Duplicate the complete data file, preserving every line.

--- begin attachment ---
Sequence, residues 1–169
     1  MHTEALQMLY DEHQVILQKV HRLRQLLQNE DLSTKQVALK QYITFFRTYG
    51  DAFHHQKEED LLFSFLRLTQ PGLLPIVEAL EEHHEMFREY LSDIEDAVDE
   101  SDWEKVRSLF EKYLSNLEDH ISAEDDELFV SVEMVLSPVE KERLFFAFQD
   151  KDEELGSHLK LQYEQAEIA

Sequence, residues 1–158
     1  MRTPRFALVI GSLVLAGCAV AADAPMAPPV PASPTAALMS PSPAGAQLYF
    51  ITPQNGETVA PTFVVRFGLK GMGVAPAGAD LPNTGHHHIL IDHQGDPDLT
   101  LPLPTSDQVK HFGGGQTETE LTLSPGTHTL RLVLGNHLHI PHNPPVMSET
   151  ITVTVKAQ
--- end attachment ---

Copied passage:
Sequence, residues 1–169
     1  MHTEALQMLY DEHQVILQKV HRLRQLLQNE DLSTKQVALK QYITFFRTYG
    51  DAFHHQKEED LLFSFLRLTQ PGLLPIVEAL EEHHEMFREY LSDIEDAVDE
   101  SDWEKVRSLF EKYLSNLEDH ISAEDDELFV SVEMVLSPVE KERLFFAFQD
   151  KDEELGSHLK LQYEQAEIA

Sequence, residues 1–158
     1  MRTPRFALVI GSLVLAGCAV AADAPMAPPV PASPTAALMS PSPAGAQLYF
    51  ITPQNGETVA PTFVVRFGLK GMGVAPAGAD LPNTGHHHIL IDHQGDPDLT
   101  LPLPTSDQVK HFGGGQTETE LTLSPGTHTL RLVLGNHLHI PHNPPVMSET
   151  ITVTVKAQ